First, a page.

Another good (but old ) lathe book is how to run a lathe by southbend .
    The workshop practise series which i think is available through minitech up there in QLD or i think E&J winter out at bathurst . Some of these are really good and some have projects you can make .
    While i'm here i may as well give my favourite youtube channel a flog - thatlazymachinist or his website thatlazymachinist.com . There are many videos there ranging from basic metalwork right through to toolmaking , reading drawings and much more .

    Ian.
     
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  10. Dec 12, 2017 #10

    Hopper

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    I'm with Herbie. LH Sparey's book "The Amateur's Lathe," is my favourite lathe book. Cheap too from Book Depository in the UK, free shipping worldwide. It's an oldie but the best I have come across for getting across the basics.

    And any of the Workshop Practice Series of books is good too. They do a good one on Milling a Complete Course by Harold Hall and a similar one on the lathe.
     
  11. Dec 12, 2017 #11

    Brookesy

    Brookesy

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    Thanks, I was looking at Harold Hall's books. They seem to have useful projects in them. I'll check out the other one too
     
  12. Dec 12, 2017 #12

    fcheslop

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  13. Dec 12, 2017 #13

    goldstar31

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    A lot of today's books and such are merely copies of the past such as Sparey and a 'Nest of Singing Birds' from Model Engineer.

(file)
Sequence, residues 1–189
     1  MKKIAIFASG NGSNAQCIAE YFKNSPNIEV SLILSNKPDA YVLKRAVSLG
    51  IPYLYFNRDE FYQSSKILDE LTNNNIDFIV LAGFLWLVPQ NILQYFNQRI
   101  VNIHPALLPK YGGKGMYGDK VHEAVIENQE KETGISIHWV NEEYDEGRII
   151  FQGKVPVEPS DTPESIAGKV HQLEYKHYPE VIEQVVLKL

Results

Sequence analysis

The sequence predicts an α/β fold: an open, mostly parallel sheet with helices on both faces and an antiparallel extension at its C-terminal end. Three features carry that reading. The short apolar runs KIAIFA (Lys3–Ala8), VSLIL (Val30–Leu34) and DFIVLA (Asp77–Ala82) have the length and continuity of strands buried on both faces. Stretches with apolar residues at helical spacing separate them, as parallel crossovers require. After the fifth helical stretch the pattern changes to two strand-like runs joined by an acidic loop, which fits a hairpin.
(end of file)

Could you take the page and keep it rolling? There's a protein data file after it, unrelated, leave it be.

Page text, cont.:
I've had Sparey since I ran rather a vastly larger library which dealt with 12" to the foot things like Spitfires and Merlin and Griffon engines with a dash of radials and what the part number was for Biggles helmets and goggles :confused:
    Probably the most informative series of books is dear old Holzapfell but I'd suggest that a copy of Advanced Machine Tool Work by R.H. Smith will about knacker your lazer printer and fill your mind with a graded course in machining on pdf. The only gripe on Smith is perhaps lathe tooling and that can come from such sources as Hoffman or if you really want get excited, The Quorn by Chaddock.
    Chaddock certainly sorts the guys who can make a simple engine lathe do what it can and should do.

    I suppose that once one has made a Quorn tool and cutter grinder and had repeated nervous breakdowns, lesser contributions get even smaller.

    Norm
     
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  14. Dec 12, 2017 #14

    Brookesy

    Brookesy

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    Thanks Norm. Quite an interesting response. I can guarantee that the Quorn is definitely not on my list of things to tackle. The books by Harold Hall appear to have useful projects in them which is why they interest me. Is Sparey similar or more technical information and are Biggles goggles WH&S approved for use in the home workshop?